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Monday, September 26, 2016

How old is too old?

Been following an RV forum thread on tire age and have been trying to explain why there is no strict guideline for exactly when a tire should be replaced. I summed up my position...


The general guidelines for motorhomes is to have the tire inspected starting at about 5 years and to replace at 10 years no matter what the inspection indicates. Due to the Interply Shear effects on belt durability, trailer tires need to be closely inspected after a couple of years and it appears that 5 years may be the max life for most applications.

I do understand that people would like a nice clear precise answer but the problem is that with load, speed and temperatures all having an impact on the life of a tire it is impossible to give a precise time of when to replace a tire.

In today's society no company can give a specific answer to the question as they would be sued if a tire failed before the "end of life" time and they would be sued if the tire lasted past the "end of life" time. We are talking about probability.

You have a sticker on your RV telling you the inflation to use based on an estimate of how much "stuff" you will be carrying. Federal Regulations say the tire load capacity at the specified inflation must be able to support the load rating of the axle. This assumes an exact 50/50 side-to-side load split all the time. It also assumes you do not put more or less load in your RV than what would result in each axle being exactly at GAWR. Many have learned of the importance of getting the actual load on each tire.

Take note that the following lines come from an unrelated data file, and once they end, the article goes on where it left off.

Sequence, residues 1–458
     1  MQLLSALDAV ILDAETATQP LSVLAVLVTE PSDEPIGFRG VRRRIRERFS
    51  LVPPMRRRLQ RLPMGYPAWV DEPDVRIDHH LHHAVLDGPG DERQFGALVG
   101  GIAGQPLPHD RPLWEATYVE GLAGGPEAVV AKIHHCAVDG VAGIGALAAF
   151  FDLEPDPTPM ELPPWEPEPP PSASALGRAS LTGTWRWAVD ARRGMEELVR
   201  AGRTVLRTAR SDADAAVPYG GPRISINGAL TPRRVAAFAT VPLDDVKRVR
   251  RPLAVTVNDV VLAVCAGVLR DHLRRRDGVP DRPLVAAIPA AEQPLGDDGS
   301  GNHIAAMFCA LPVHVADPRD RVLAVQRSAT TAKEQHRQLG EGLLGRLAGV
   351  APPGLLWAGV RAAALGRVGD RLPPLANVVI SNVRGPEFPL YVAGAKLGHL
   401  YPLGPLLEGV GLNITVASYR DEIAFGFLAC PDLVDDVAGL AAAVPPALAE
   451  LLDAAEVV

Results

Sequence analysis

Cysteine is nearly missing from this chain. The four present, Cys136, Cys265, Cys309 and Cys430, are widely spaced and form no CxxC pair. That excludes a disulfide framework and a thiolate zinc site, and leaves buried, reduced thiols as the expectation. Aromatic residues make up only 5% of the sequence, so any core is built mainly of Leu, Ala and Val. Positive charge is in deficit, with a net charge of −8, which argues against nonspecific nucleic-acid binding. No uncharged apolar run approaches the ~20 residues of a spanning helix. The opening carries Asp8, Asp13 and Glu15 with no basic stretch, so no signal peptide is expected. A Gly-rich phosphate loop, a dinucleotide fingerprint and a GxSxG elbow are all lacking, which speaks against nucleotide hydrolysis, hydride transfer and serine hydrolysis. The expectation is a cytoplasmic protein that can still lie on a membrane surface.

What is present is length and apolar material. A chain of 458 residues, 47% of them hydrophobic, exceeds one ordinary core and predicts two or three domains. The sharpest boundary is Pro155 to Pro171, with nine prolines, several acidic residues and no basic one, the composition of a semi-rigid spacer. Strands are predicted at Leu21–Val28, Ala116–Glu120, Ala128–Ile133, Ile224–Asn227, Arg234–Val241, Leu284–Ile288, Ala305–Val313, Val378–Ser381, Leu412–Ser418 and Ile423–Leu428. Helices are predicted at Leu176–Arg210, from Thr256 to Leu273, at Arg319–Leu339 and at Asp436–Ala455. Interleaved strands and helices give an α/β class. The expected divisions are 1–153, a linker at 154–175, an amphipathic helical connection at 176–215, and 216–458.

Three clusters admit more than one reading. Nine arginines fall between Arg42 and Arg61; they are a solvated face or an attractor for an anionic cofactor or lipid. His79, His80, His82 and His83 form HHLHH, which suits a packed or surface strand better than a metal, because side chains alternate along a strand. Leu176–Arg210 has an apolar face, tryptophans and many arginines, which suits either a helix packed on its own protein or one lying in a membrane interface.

Maybe it would help if we thought about tread depth instead of age.

Exactly how much tread can be worn off before a tire becomes "unsafe'. Most states say 2/32" for passenger car tires but does that mean the tire with 3/32" tread will always perform equally to a tire with 10/32"?  Of course not. As the tread wears the wet traction capability goes down. Do you always wait till each tire gets to 2/32" before replacing it? If not, why not?

Conversely the dry traction can go up as tread depth goes down, so there is a trade-off. I dare say that if you live is an area with lots of rain or even snow, you probably change tires before they are that worn. However, if you live in the dry Southwest you may be tempted to run less than 2/32" tread as you have seldom if ever have wet traction problems.

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